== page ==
Innovation and technology have transformed the lives of patients with diabetes.
Significant opportunities exist to further improve patient care, reduce the impact of the illness and support healthy and active living.
Diabetes was first documented as a condition in 1500 BC, in 1869 Paul Langerhans described the islet cells of the pancreas and in 1921 Frederick Banting and Charles Best discover insulin.
It was not until 1969 that the first portable blood glucose meter was introduced, 1998 for the first insulin pumps to be introduced and 2002 for the continuous glucose monitors to become widely available.
Technology has transformed the lives of diabetics making it possible to manage the condition. Improving connectivity and integrating technologies has the potential to further improve care.
Given the reach of mobile networks and services that are becoming ever more intelligent, there is a unique opportunity to develop new and innovative models for collaborative and integrated care systems that put the patient in the centre and provide a continuum of care.
More specifically, mobile health (mHealth) solutions can help healthcare providers deliver better, more consistent, coordinated and more efficient healthcare, where and how it is needed, increase access to health services to remote or under-served communities, and empower individuals to manage their own health more proactively and effectively.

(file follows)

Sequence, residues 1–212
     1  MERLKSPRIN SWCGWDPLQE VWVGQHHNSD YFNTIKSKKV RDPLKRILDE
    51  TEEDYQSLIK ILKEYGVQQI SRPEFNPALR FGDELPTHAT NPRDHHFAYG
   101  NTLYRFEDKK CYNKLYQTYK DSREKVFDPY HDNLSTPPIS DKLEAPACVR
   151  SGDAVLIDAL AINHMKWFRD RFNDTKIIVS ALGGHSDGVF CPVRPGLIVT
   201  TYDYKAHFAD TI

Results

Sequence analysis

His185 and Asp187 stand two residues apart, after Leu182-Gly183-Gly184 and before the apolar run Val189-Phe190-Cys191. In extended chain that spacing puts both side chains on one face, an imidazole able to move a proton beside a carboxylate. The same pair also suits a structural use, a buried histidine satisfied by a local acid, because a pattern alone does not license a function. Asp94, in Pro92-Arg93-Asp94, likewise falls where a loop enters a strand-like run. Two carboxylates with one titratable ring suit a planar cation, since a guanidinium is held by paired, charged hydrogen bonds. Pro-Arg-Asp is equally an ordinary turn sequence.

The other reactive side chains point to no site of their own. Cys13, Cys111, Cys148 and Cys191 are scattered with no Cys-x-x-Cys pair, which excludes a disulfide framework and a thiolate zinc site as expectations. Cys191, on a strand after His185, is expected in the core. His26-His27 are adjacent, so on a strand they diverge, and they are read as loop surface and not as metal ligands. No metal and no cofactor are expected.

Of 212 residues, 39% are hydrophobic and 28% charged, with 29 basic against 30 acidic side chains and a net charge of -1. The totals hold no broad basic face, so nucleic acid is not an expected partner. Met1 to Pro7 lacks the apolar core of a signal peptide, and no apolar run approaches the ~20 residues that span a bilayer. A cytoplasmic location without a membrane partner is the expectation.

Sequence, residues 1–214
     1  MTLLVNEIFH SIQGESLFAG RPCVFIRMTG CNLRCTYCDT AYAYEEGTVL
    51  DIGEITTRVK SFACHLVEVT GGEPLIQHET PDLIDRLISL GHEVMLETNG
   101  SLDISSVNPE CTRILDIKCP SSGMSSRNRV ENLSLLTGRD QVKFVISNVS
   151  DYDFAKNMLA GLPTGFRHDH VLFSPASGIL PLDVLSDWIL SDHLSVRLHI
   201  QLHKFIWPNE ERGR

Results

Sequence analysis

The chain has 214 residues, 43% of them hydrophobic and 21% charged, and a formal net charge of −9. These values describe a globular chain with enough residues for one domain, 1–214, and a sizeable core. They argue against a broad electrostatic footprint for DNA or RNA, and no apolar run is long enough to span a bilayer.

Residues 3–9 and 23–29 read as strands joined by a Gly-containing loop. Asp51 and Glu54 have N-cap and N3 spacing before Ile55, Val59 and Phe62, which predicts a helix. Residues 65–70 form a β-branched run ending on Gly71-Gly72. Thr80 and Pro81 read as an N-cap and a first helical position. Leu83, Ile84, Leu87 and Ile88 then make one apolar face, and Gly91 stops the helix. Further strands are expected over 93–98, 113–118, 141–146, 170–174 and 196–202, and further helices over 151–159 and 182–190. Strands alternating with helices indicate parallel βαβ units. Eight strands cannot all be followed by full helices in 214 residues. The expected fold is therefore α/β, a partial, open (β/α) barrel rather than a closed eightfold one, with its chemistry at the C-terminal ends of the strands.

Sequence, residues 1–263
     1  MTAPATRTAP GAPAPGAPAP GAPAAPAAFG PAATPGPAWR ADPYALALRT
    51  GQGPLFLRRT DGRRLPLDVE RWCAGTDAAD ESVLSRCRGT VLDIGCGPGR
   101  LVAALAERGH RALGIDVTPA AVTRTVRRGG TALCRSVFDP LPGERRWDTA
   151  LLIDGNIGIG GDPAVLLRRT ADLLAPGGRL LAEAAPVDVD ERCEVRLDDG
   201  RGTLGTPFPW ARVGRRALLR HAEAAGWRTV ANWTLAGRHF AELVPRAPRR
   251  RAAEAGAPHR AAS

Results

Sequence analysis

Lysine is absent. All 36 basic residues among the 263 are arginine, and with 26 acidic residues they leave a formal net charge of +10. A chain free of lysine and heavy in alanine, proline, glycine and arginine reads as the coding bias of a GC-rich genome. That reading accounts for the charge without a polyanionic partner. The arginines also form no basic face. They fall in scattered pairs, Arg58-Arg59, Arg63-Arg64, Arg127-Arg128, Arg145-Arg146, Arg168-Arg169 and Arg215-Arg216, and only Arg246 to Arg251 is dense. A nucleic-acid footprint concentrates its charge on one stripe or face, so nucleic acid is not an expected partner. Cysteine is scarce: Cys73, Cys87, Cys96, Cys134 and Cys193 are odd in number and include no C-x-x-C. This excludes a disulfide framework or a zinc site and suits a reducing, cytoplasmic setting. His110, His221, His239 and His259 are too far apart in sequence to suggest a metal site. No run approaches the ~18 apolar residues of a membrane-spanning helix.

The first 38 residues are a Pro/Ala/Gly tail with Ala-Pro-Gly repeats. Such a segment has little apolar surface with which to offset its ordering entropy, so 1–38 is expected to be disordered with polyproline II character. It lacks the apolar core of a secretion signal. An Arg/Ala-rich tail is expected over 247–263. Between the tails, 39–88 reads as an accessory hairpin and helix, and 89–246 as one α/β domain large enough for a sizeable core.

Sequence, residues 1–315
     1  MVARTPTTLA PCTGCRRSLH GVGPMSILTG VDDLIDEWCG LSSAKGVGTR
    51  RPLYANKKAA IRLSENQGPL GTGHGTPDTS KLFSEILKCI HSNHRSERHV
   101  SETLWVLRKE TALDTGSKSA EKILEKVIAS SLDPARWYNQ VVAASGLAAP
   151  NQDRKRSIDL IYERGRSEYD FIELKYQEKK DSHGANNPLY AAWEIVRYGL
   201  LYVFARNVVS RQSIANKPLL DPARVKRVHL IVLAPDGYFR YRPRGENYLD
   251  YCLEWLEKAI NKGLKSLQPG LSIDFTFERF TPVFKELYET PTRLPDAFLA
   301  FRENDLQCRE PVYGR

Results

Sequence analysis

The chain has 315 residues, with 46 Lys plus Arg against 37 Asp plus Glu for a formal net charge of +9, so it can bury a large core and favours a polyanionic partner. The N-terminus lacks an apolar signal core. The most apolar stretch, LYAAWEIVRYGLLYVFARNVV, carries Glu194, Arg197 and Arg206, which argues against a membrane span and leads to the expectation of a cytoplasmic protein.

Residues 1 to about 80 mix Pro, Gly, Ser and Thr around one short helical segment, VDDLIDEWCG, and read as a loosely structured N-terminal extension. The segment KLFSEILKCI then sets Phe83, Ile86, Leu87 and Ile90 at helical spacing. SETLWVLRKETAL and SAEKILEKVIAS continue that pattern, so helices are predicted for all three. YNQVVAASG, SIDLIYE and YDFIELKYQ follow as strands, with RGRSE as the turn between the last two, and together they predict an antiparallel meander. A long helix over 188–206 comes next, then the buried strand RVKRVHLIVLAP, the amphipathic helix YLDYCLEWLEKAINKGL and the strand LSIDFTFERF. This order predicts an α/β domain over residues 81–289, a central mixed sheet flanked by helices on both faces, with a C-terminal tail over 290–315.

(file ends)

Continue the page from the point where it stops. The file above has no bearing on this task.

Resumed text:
This will help to make the needed shift from acute, reactive and hospital-based care to long term, proactive and home-based care, integrating both health and social settings - underpinned by health promotion, disease prevention, independent living and integrated health, social, community and self-care.
The mHealth Grand Tour is working with researchers, medical technology companies, mobile operators and people with diabetes to better understand how technology can best be applied to support patients and to demonstrate the value of technology to diabetes healthcare professionals, health regulators and other stakeholders.